What is 2-2-5-5 Shared Custody?
There are many ways to describe a custody arrangement. The new Pennsylvania custody law, enacted in 2011, defines the terms we frequently use in describing custody:
- “Legal custody.” The right to make major decisions on behalf of the child, including, but not limited to, medical, religious and educational decisions.
- “Partial physical custody.” The right to assume physical custody of the child for less than a majority of the time.
- “Physical custody.” The actual physical possession and control of a child.
- “Primary physical custody.” The right to assume physical custody of the child for the majority of time.
- “Shared legal custody.” The right of more than one individual to legal custody of the child.
- “Shared physical custody.” The right of more than one individual to assume physical custody of the child, each having significant periods of physical custodial time with the child.
- “Sole legal custody.” The right of one individual to exclusive legal custody of the child.
- “Sole physical custody.” The right of one individual to exclusive physical custody of the child.
- “Supervised physical custody.” Custodial time during which an agency or an adult designated by the court or agreed upon by the parties monitors the interaction between the child and the individual with those rights.
Some parents ask me about “shared custody” of their children. What they mean varies from parent to parent. In the past, a custody arrangement was typically characterized by the children living with one parent during the workweek and spending weekends, vacations and holidays with the other parent. The law defined that arrangement as “primary physical custody” for the weekday parent, “partial custody” for the weekend parent, and usually, “shared legal custody” (the right to make major decisions concerning the child’s education, medical treatment, religious training, and other major issues). Some parents called that arrangement “shared custody” because both parents have physical custody from time to time. I call that a traditional custody arrangement. “Shared” can also refer to the right to participate in child-related decisions. Historically, the law referred to that right as “joint legal custody.” Now it is “shared legal custody.”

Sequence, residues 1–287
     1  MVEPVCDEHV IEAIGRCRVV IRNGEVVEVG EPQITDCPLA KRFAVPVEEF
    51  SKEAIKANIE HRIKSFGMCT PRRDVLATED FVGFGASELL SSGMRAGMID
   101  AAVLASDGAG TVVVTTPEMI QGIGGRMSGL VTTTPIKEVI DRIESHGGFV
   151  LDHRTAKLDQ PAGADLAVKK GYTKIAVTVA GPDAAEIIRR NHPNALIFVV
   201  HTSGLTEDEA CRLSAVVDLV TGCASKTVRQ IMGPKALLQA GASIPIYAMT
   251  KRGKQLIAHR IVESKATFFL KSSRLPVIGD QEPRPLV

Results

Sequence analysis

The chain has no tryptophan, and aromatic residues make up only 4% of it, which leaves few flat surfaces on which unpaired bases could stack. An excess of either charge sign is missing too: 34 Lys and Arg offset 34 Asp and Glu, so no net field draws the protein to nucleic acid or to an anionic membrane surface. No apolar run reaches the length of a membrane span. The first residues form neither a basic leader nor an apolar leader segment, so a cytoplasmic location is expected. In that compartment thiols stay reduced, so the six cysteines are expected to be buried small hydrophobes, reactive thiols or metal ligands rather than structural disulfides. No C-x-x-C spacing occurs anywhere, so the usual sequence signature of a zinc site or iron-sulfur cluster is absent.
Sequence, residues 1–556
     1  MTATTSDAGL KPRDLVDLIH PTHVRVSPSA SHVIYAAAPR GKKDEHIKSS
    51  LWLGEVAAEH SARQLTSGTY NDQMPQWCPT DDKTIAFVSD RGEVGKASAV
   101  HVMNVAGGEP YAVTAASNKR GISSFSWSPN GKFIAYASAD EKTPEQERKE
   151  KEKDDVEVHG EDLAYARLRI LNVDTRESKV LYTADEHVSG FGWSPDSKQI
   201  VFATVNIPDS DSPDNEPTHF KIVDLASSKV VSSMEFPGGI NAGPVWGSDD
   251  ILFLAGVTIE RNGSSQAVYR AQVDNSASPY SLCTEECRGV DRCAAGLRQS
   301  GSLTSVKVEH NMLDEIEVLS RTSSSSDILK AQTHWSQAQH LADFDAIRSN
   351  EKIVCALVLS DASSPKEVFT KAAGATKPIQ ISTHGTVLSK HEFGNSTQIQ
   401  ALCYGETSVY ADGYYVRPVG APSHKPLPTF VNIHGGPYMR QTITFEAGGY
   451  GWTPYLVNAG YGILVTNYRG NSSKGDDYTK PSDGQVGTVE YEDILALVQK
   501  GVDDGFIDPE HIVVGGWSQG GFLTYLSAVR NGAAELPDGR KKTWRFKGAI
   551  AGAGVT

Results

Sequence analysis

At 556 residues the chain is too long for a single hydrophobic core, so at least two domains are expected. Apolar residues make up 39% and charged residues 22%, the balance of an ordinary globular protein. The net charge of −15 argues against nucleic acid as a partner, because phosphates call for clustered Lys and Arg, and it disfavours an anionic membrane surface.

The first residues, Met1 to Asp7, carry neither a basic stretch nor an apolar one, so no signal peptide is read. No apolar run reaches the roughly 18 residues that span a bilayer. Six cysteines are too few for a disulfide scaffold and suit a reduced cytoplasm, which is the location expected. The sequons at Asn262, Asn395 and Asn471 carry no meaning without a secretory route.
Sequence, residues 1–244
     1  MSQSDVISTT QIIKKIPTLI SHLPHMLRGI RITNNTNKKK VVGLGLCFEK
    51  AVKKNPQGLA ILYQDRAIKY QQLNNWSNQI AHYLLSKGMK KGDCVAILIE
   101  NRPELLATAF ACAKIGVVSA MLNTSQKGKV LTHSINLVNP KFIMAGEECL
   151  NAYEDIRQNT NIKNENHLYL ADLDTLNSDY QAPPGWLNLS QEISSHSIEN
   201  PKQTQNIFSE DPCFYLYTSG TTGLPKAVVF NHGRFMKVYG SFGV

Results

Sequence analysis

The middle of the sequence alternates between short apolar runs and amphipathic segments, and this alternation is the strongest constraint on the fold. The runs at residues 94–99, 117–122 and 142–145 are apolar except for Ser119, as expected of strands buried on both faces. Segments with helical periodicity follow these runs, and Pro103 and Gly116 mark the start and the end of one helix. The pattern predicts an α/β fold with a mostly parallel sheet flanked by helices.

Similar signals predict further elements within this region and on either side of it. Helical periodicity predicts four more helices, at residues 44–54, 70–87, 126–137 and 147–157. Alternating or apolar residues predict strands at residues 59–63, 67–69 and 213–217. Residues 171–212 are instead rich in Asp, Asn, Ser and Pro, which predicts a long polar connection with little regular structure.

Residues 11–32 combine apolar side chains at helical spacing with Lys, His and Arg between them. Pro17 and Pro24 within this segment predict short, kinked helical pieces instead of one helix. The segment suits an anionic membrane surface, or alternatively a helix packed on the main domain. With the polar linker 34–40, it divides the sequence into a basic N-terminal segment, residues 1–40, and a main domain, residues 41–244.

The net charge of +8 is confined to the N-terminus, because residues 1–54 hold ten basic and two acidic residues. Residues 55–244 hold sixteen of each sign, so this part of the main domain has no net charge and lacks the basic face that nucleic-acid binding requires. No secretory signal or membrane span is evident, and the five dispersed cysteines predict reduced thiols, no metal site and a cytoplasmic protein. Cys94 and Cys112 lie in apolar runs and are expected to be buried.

Over my twenty years in family law, I have witnessed a growing trend toward shared physical custody, meaning that the children spend part of every week with each parent. One form of “shared physical custody” is a 2-2-5-5 schedule. Using a calendar helps to understand this arrangement. For instance, the children might spend every Monday overnight and Tuesday overnight with Dad, every Wednesday overnight and Thursday overnight with Mom, and alternate weekends with each parent. Two days with Dad, two days with Mom, weekend with Dad, and then the beginning of the next week with Dad (5 days total); then two weekdays and the weekend with Mom (5 days total). This pattern repeats over and over throughout the year (except for holidays and vacations).
A 2-2-5-5 arrangement is favored by some parents because it creates a predictable routine for the kids. Kids will know where to be every Monday, Tuesday, Wednesday and Thursday. They only have to remember which parent’s weekend it is. This schedule also allows frequent contact with both parents. On the other hand, it does require more transitions than a “week-on, week-off” schedule.
No one can say for sure that 2-2-5-5 is better than week-on, week-off; or that shared physical custody is better than a traditional custody arrangement. That depends upon the best interests of the children and the specific circumstances of each family. But it helps to understand the terms.